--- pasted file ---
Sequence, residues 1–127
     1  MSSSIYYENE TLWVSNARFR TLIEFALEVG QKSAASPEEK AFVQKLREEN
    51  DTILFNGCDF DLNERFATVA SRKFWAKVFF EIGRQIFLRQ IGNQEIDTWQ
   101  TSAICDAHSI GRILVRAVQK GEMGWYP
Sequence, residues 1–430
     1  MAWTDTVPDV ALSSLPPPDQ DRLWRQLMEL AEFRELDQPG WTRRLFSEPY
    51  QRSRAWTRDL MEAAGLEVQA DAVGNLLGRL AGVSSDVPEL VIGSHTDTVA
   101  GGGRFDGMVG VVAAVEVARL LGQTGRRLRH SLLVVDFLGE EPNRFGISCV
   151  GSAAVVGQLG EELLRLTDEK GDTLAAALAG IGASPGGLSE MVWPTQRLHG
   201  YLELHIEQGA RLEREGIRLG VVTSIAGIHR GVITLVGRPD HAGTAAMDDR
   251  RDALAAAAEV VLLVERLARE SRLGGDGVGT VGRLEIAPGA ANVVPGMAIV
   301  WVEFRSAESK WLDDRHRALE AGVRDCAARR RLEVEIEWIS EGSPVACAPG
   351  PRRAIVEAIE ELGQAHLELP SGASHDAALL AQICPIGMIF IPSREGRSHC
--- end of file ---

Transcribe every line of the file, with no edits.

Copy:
Sequence, residues 1–127
     1  MSSSIYYENE TLWVSNARFR TLIEFALEVG QKSAASPEEK AFVQKLREEN
    51  DTILFNGCDF DLNERFATVA SRKFWAKVFF EIGRQIFLRQ IGNQEIDTWQ
   101  TSAICDAHSI GRILVRAVQK GEMGWYP
Sequence, residues 1–430
     1  MAWTDTVPDV ALSSLPPPDQ DRLWRQLMEL AEFRELDQPG WTRRLFSEPY
    51  QRSRAWTRDL MEAAGLEVQA DAVGNLLGRL AGVSSDVPEL VIGSHTDTVA
   101  GGGRFDGMVG VVAAVEVARL LGQTGRRLRH SLLVVDFLGE EPNRFGISCV
   151  GSAAVVGQLG EELLRLTDEK GDTLAAALAG IGASPGGLSE MVWPTQRLHG
   201  YLELHIEQGA RLEREGIRLG VVTSIAGIHR GVITLVGRPD HAGTAAMDDR
   251  RDALAAAAEV VLLVERLARE SRLGGDGVGT VGRLEIAPGA ANVVPGMAIV
   301  WVEFRSAESK WLDDRHRALE AGVRDCAARR RLEVEIEWIS EGSPVACAPG
   351  PRRAIVEAIE ELGQAHLELP SGASHDAALL AQICPIGMIF IPSREGRSHC